Wednesday, April 17, 2013

All Torture is Local

The standards of any organization come from the top.   If Rupert wanted Newscorp to have high ethical standards, it would have had them.   It didn't and paid the price.   If Penn State wanted high ethical standards, it would have had them.  It didn't, and boys being sexually abused paid the price.

For any nation, the same is true.   Standards come from the top.

Following 911, the United States changed its national standards when it decided torture was ok.
As a 577 page independent nonpartison report found, the problem didn't stem from a rogue soldier or two but from a policy from the top that approved torture.

In his opinion piece in the Washington Post, former ambassador Thomas Pickering writes a single sentence that should make any reporter in any market see an instant story and an instant question that needs to be asked.

Pickering writes:  "By authorizing and permitting torture in response to a global terrorist threat, U.S. leaders committed a grave error that has undermined our values, principles and moral stature; eroded our global influence; and placed our soldiers, diplomats and intelligence officers in even greater jeopardy."

The instant question is for the reporter's local member of Congress and for the reporter's U.S. Senators:  do we need further investigation and more transparency in how the United States utilized torture or not?    What is the member's position on torture?

In a democracy, it's essential not to sanitize violations of international law or to cover up unacceptable behavior with semantics.   As Pickering writes,  "First and foremost, Americans need to confront the truth. Let’s stop resorting to euphemisms and call “enhanced interrogation techniques” — including but not limited to waterboarding — what they actually are: torture. Torturing detainees flies in the face of principles and practices established in the founding of our republic, and it violates U.S. law and international treaties to which we are a party. "

Does your member of Congress favor or oppose torture?   Does your member of Congress favor or oppose transparency?   

Why aren't local news organizations asking those questions of their members of Congress?  All politics is local.  It's the responsibility of the press to hold politicians accountable.   Why aren't news organizations doing that?  

As Pickering says, "Too much information about the abuse of detainees remains hidden from the American people." 

When journalism fails, bad things happen.  Torture is a bad thing. 



Sunday, April 7, 2013

ACCURATE quotes providing INACCURATE information

When Louisville guard Kevin Ware broke his leg on national television, one question most wouldn't have thought of is who pays for the medical bills?  A university official quickly pointed out to reporters that Ware and Ware's family would have no medical bills.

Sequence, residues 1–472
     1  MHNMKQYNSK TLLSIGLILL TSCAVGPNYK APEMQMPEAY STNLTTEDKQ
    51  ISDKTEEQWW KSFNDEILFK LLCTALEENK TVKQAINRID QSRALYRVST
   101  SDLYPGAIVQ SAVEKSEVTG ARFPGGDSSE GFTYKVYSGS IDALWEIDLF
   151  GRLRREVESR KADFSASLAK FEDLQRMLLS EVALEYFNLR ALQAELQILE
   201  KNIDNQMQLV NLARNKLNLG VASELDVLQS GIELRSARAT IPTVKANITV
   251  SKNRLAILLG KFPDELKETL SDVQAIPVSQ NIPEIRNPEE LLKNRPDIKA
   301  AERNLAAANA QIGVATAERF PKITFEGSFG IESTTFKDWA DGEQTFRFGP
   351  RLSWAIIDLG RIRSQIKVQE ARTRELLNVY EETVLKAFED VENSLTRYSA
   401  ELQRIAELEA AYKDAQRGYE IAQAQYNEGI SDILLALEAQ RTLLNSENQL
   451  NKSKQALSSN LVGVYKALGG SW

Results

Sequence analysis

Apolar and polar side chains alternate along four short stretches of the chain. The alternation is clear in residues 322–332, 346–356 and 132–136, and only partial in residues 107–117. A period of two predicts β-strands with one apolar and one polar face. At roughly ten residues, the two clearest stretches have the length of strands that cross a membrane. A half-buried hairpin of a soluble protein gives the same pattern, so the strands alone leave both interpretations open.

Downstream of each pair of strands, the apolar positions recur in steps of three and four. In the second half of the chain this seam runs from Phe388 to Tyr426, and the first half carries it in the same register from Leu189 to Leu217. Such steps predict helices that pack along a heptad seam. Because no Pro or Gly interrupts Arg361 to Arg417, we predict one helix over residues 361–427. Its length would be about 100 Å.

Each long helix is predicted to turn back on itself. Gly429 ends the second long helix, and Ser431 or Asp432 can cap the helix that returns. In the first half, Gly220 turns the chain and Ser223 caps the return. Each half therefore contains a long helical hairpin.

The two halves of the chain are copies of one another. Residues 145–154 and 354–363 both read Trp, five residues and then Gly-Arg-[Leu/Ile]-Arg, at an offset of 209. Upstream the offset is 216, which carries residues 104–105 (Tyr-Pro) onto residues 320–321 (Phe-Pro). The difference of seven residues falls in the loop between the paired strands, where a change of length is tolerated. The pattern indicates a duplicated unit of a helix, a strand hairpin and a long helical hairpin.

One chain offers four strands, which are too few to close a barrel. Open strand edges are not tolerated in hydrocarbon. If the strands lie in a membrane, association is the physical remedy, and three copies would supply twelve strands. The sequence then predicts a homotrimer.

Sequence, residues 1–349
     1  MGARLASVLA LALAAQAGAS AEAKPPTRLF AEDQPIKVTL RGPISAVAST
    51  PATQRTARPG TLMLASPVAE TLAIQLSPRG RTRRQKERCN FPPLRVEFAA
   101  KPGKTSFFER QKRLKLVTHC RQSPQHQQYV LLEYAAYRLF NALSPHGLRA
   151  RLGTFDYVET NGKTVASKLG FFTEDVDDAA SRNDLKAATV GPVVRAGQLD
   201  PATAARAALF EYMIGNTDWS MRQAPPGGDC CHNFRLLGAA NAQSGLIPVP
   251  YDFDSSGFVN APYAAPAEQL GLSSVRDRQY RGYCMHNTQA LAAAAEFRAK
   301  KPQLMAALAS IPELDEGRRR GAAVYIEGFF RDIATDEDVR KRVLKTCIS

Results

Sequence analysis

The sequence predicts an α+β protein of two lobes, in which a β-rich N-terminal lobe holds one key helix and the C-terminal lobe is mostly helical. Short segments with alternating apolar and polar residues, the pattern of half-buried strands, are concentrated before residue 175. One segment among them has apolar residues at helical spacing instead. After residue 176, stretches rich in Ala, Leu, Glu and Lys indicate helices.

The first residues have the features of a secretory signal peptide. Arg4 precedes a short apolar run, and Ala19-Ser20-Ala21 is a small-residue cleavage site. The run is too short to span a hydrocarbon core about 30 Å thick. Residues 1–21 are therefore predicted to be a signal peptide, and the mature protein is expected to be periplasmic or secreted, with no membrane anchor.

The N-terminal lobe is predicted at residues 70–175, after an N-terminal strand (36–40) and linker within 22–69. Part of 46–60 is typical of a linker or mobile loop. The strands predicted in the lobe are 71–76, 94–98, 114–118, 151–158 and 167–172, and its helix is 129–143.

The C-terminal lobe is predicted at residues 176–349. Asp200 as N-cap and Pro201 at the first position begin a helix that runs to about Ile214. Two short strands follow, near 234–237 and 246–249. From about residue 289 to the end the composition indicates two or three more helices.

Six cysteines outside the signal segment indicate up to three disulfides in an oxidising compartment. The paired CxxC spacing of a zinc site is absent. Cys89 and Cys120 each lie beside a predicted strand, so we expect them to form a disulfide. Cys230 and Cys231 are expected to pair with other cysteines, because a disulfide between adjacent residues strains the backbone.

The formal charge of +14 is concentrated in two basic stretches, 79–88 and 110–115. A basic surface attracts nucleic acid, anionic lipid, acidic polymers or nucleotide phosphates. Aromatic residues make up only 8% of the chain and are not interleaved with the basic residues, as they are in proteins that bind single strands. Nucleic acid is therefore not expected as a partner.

In a story in USA Today, the NCAA followed up.    Here's the quote from the USA Today story:

"Student-athletes must have insurance covering athletic-related injuries to practice and compete, per rules adopted by NCAA institutions – and in most cases colleges and universities provide that coverage," NCAA spokesperson Stacey Osburn said by email.

I expect the USA Today reporter is quoting Ms. Osburn accurately.   And if a student has no insurance and wants to buy a policy, most universities will provide a policy that can be purchased at the student's expense.   Who pays?  What Stacey Osburn says, that in MOST cases it is the university that provides coverage, is contradicted by what my student reporters have found.   Students in my computer-assisted reporting class contacted every university in the Mid-American Conference and in each case found that it is the student's insurance that provides the primary coverage.

Across the country, that's also what the National College Players Association has found.  Its president Ramogi Huma has excellent advice for both parents and any student athlete being recruited by a university to avoid running into an incredibly expensive medical bill surprise.  

In this day and age of instant online communication where every college athletic program has a website, Huma's organization has made an incredibly sensible suggestion:  put the the athletic department's medical payment policy online so student athletes and their parents know what it is.   Well click and listen to how universities responded.

Ramogi Huma asks an excellent question reporters should be asking universities to answer.   How do universities have the money to pay coaches millions of dollars and don't have money to pay for a college athlete's medical expenses?